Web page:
Featured Very Old looking Watch Fob

Discussion in 'Jewelry' started by Nathan Lindop, Aug 23, 2019.

  1. Nathan Lindop

    Nathan Lindop 1: “?” 2: “!”

    Saw this recently, it doesn't look as shiny as most fobs you see. It looks rather rough really.

    How old do watch fobs get and is this an early one? Or just a shoddy one?

    IMG_20190823_142840.jpg IMG_20190823_142909.jpg IMG_20190823_142929.jpg IMG_20190823_142954.jpg IMG_20190823_143014.jpg
  2. Nathan Lindop

    Nathan Lindop 1: “?” 2: “!”

    Looks early 1oth century in style and now I'm thinking it just has absolutely all of its gilding worn off, maybe it was a dog find or someting
  3. Bakersgma

    Bakersgma Well-Known Member

  4. Any Jewelry

    Any Jewelry Well-Known Member

    Yes, that is 1 o!:joyful:

    Nathan, the first watch fobs date from the late 18th century. I take it you mean early 19th century, which could be true.
    Designs with a lot of small flowers are also seen on ladies' jewellery of the late 18th century, so maybe it is slightly older.
    And yes, probably gold or silver plated at one time.
    Last edited: Aug 23, 2019
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  5. sabre123

    sabre123 Well-Known Member

    Sundial Fob...couldn't resist.
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  6. Any Jewelry

    Any Jewelry Well-Known Member

    You mean from before the invention of wrist sundials?
    (Couldn't resist either, sorry Nathan)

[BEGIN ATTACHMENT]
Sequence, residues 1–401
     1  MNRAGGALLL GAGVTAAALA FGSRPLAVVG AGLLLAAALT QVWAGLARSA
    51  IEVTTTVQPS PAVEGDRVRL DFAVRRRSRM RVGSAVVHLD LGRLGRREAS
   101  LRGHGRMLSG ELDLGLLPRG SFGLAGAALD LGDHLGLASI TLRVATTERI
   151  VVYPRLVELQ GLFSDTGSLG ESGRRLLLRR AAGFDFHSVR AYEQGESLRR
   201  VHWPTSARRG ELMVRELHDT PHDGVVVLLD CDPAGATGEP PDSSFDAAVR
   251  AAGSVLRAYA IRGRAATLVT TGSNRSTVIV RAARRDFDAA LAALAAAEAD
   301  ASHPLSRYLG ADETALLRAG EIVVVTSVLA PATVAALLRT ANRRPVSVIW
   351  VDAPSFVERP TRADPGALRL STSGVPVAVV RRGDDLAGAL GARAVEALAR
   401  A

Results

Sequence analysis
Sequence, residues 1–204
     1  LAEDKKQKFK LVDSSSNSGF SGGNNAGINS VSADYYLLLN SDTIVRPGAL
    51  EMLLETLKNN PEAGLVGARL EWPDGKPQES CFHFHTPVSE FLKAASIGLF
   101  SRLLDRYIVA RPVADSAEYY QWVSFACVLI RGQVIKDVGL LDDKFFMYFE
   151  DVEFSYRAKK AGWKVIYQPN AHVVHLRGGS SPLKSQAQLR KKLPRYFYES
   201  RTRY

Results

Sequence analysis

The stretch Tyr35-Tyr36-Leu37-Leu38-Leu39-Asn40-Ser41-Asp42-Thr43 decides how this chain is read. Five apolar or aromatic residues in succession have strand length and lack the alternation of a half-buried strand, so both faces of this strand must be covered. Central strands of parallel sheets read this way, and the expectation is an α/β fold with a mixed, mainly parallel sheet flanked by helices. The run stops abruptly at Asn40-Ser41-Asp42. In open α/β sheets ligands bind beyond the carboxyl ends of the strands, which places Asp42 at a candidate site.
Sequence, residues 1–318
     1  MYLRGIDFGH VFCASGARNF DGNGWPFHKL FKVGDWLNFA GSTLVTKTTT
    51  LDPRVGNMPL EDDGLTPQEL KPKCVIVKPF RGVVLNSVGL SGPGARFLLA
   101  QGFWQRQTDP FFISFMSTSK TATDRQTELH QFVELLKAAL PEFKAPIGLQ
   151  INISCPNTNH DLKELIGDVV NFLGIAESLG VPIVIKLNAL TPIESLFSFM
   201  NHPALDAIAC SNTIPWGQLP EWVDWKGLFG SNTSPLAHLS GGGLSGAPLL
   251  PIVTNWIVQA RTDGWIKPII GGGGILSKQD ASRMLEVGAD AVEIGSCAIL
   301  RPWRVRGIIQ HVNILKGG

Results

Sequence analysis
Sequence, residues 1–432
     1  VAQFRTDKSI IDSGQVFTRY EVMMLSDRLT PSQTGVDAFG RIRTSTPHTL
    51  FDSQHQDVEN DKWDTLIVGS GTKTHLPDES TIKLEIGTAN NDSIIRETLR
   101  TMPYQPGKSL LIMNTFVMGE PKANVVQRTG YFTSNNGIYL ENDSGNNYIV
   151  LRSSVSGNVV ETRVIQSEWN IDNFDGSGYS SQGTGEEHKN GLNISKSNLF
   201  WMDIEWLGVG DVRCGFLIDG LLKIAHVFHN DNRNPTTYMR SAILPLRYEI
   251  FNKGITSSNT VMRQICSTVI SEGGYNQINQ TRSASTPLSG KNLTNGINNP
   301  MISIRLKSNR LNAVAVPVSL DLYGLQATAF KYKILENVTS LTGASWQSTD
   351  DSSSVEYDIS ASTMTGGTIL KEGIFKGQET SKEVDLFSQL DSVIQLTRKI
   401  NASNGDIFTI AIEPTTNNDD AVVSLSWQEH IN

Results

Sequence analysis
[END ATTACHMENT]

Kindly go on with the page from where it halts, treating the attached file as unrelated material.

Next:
7. Bronwen

    Bronwen Well-Known Member

    This is spectacularly weird. Is it the shape of the stone that is irregular or the way it is positioned in the mount that causes it to line up unevenly around the edge? Is the stone opaque or does some light come through? Although it's shaped like a seal, it obviously could not function very well for that purpose. Looks like an auction lot tag on it. What info was given about it? It's as though someone tried to make a modern object look medieval.
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  8. Any Jewelry

    Any Jewelry Well-Known Member

    There could have been something underneath to raise the stone (glass?) in the mount, some of which wore away over time, causing the stone to become loose in the setting. Sometimes you get some dust or grit falling out when you shake a piece like that.
  9. Jivvy

    Jivvy the research is my favorite

    The way the metal edge is beat, I wonder if the original seal has been (poorly) replaced with this glass(?) bit?
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  10. Bronwen

    Bronwen Well-Known Member

    To my inexpert eye, it appears to be a surprising number of separate pieces soldered together. I was questioning whether stone that is there now is original to it & wonder if it is possible it is a less-than-gem-grade ruby?


    Corundum would be one explanation for why the faceting isn't any sharper.
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  11. Hollyblue

    Hollyblue Well-Known Member

    The setting and the facets on the OP's piece have been beat to death.Facets on corundum can be as sharp as facets on other types of stones.
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  12. Bronwen

    Bronwen Well-Known Member

    I was toying with the idea that the stone was, or is meant to look as though it was, worked at a time & place without the use of diamond dust.

    Loop at top looks out of keeping with the rest.

    My cogitations on the matter are influenced by the way I have seen older elements brought forward in time, combined with newer materials & workmanship. E.g., I have a fob-sized miniature desk seal that appears to be a Roman glass intaglio held by a Georgian era mount with what I suspect is a Victorian replacement handle. (Have had an expert opinion that the intaglio is Roman.) This could be such a chimaera.
  13. Hollyblue

    Hollyblue Well-Known Member

    Diamond dust has been used to cut and polish diamonds and corundum in India since the 17th century.
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